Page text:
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‘Argo’ named best film at BAFTAs

Riva
Affleck
Day-Lewis

– Iran-hostage drama “Argo” continued its journey from awards-season outsider to favorite Sunday, winning three prizes, including best picture, at the British Academy Film Awards.

Ben Affleck was named best director for the based-on-reality story of a longshot plan to rescue a group of American diplomats from Iran after the 1979 Islamic Revolution, and the film also took the editing trophy.

Affleck, who has made a remarkable journey from little-regarded actor to award-winning director, dedicated his directing prize for “anyone out there who’s trying to get their second act.”

George Clooney, a producer of “Argo,” quipped: “I don’t know what you’re going to do for a third act.”

“Argo” has been building steam with big prizes at ceremonies such as the Golden Globes, the Producers Guild and the Directors Guild of America Awards. It is now considered a front-runner for the best picture award at the Oscars on Feb. 24, even though Affleck was not nominated for best director.

Daniel Day-Lewis won his universally expected best-actor trophy for “Lincoln” – the only prize out of 10 nominations for Steven Spielberg’s historical biopic at the British Academy Film Awards.

Emmanuelle Riva, the 85-year-old French film legend, was named best actress for Michael Haneke’s poignant old-age portrait “Amour.” It also was named best foreign-language film.

Made-in-Britain French revolutionary musical “Les Miserables” won four prizes, including best supporting actress for Anne Hathaway. James Bond adventure “Skyfall” spied some elusive awards recognition, winning trophies for music and best British film.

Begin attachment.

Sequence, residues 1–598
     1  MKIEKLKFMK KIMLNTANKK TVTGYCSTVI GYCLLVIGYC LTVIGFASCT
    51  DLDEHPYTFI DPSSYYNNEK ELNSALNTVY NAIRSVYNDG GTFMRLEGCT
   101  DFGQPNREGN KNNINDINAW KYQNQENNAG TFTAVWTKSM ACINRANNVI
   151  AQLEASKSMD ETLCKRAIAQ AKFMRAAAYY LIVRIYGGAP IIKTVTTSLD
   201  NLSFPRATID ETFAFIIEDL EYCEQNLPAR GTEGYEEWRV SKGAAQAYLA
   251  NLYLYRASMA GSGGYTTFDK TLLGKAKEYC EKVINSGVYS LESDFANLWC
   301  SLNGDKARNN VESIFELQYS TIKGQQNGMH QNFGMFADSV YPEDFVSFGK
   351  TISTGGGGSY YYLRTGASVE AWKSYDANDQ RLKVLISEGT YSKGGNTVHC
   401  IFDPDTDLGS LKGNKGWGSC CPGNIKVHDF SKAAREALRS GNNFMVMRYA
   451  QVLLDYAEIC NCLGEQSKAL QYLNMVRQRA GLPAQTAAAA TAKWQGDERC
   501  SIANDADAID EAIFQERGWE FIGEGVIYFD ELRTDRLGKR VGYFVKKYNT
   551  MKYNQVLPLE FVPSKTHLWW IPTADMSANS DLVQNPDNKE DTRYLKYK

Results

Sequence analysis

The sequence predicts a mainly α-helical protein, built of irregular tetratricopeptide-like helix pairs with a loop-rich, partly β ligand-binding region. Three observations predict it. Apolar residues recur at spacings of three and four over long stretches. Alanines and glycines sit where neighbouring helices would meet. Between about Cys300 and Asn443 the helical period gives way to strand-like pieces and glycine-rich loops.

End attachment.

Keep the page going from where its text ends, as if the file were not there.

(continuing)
The British awards, known as BAFTAs, are increasingly glamorous – despite a well-earned reputation for dismal weather – and ever-more scrutinized as an indicator of likely success at the Hollywood Oscars. In recent years, the BAFTAs have prefigured Academy Awards triumph for word-of-mouth hits including “Slumdog Millionaire,” “The King’s Speech” and “The Artist.”

This year they spread their honors widely, with multiple trophies for “Life of Pi,” “Silver Linings Playbook,” “Amour” and “Django Unchained,” as well as “Argo.”

Kathryn Bigelow’s Osama bin Laden thriller “Zero Dark Thirty” was shut out of the prizes, despite five nominations.

Quentin Tarantino picked up the original screenplay award for “Django Unchained,” and Christoph Waltz was named best supporting actor for playing a loquacious bounty hunter in Tarantino’s slave-revenge thriller.

Writer-director David O. Russell won the adapted screenplay prize for “Silver Linings Playbook,” a comedy about characters confronting mental illness.

“Les Mis” also took trophies for production design, sound and makeup/hair, and “Life of Pi” received honors for cinematography and visual effects.

Sunday’s ceremony also saw director Alan Parker receive a BAFTA Fellowship, the academy’s highest honor, for a career that includes “Midnight Express,” “Fame” and “Mississippi Burning.”

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